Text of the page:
The word “confidence” in statistics has a different meaning than in general conversations. In statistics, it is a calculation of the cumulative effect of inaccuracies. If we say a value is in the 95% confidence interval, it says that there is a 95% chance that the correct value is in the interval. For this one I need a mathematical example:

Let us use speed measurement as an example:

Reading on speedometer: 104km/h

Real speed: 100km/h

This means your speedometer is only 95% accurate at 100km/h. However, since “real speed” is not known, you can only give the number on your meter, which is 95% accurate. If I would measure your speed with 20 different speedometers, each one 95% accurate, what is your real speed? So we draw a graph of how many times each value is measured, and this graph is typically a bell shaped curve. The real speed is somewhere on the graph – only nobody knows where. We therefore assume that the real speed is close to the average of all the readings. However, I can say with 100% accuracy that the real speed is somewhere between (say) 0 and 200km/h. If I make this interval smaller, say between 97 and 103km/h, I am only 93% sure that the real speed is in that interval.

What statistics now did was to calculate how likely it is that the real speed is in that interval.

Another use of confidence interval has to do with measurement accuracy. In physical sciences, if I say something weighs 10.5kg, it actually means it weighs between 10.45 and 10.54 kg. This means I am unsure about 90g of the total mass. Now if I add another item weighing 4.0 kg (between 3.95 and 4.04 kg), I have a total of 180g that I am unsure of. It is assumed that the uncertainties will cancel out, so we calculate how unsure we are about the weight. This is also called confidence, and has nothing to do with how much I trust the value, but with the size of the accumulated error.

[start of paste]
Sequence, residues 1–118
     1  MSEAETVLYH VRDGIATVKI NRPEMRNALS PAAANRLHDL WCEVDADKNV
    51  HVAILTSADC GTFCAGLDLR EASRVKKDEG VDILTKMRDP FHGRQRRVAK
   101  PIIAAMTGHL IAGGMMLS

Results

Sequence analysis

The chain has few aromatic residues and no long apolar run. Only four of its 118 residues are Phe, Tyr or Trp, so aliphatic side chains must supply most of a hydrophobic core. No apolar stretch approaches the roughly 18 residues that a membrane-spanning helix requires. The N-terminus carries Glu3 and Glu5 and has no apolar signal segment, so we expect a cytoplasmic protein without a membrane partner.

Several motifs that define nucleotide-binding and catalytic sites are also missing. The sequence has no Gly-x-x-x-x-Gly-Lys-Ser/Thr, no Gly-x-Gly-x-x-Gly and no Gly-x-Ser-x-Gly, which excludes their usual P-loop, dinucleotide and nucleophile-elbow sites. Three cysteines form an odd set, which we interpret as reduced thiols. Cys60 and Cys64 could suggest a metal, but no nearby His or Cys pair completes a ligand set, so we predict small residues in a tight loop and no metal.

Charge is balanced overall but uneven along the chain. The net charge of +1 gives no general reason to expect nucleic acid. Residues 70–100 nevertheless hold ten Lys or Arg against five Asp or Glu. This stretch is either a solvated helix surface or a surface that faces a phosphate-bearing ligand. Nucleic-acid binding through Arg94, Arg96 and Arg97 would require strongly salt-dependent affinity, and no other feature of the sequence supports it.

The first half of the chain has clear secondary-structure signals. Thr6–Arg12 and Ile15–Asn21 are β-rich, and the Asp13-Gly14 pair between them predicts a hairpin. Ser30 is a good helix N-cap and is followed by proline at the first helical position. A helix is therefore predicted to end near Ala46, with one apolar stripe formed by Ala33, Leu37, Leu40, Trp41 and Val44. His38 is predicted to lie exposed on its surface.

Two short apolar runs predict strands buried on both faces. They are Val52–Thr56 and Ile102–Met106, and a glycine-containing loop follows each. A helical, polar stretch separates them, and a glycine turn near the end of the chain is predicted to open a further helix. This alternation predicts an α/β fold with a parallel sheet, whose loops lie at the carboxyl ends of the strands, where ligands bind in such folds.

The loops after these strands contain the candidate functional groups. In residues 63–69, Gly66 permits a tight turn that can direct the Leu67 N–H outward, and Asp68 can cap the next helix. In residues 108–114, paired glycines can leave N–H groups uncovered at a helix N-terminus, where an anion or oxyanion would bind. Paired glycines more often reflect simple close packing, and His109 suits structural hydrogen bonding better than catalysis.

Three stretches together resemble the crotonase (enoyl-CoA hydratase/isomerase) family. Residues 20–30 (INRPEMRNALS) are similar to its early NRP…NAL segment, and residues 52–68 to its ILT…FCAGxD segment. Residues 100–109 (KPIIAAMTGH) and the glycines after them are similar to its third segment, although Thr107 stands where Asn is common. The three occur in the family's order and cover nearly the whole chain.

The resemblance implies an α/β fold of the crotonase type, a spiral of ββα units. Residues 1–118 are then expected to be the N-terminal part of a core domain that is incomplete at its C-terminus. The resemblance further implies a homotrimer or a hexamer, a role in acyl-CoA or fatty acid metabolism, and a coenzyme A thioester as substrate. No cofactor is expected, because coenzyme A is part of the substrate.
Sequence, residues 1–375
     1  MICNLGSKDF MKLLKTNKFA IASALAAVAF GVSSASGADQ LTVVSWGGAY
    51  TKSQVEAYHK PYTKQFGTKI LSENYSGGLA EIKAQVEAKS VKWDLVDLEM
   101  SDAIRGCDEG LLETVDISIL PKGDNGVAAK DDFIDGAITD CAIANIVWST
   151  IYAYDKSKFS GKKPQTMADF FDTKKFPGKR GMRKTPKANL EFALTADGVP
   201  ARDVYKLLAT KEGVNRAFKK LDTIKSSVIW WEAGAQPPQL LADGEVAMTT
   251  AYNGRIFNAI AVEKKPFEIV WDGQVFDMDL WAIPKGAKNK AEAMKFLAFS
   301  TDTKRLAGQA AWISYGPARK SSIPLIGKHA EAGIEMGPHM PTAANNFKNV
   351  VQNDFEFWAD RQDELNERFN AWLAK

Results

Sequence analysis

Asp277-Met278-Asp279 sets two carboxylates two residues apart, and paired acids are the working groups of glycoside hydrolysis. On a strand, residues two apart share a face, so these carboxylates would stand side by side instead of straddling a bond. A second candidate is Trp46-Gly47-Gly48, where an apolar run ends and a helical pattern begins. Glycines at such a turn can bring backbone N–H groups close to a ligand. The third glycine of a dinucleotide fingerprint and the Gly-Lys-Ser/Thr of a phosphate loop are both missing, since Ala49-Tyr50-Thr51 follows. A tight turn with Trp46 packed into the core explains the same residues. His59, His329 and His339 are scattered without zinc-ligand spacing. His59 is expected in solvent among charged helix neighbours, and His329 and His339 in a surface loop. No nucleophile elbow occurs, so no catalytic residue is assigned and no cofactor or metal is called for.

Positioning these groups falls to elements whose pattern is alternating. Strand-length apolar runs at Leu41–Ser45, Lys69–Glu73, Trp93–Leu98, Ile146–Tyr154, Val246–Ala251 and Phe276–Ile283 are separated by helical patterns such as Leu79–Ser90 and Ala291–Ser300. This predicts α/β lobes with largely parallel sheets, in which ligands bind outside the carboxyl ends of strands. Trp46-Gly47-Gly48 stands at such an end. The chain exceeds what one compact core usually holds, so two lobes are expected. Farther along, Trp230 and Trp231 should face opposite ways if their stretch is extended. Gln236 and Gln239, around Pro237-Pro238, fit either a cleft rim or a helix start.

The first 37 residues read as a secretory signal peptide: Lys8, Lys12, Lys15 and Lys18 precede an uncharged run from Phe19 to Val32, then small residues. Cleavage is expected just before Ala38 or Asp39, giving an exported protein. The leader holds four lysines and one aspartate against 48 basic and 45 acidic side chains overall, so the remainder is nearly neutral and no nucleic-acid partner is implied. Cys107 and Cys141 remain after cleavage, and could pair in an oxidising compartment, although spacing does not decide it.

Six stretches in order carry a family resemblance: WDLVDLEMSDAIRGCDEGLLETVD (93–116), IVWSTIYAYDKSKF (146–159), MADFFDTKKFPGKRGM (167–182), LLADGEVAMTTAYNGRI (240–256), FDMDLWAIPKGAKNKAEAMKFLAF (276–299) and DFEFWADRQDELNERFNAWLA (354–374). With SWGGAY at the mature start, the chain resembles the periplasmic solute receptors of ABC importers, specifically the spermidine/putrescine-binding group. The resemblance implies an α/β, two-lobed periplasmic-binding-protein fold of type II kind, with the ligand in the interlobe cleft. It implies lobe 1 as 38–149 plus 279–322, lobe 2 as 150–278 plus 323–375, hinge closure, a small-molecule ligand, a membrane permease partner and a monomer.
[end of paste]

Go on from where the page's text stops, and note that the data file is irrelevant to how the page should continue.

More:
I simplified two of the most basic concepts to illustrate my points. I can statistically calculate from a range of measurements how accurate a measurement is. I can combine this with a predictive calculation that can tell me how likely it is that the result of my calculation will correlate with a known historical result, and I can predict that the historical result will correlate to a future result.

Here is where a lot of misunderstanding happens. My prediction is based on the assumption that I captured all the relevant factors in the calculation. If the numbers in the calculation are not correlating to the past event, the prediction of the future event will be very inaccurate.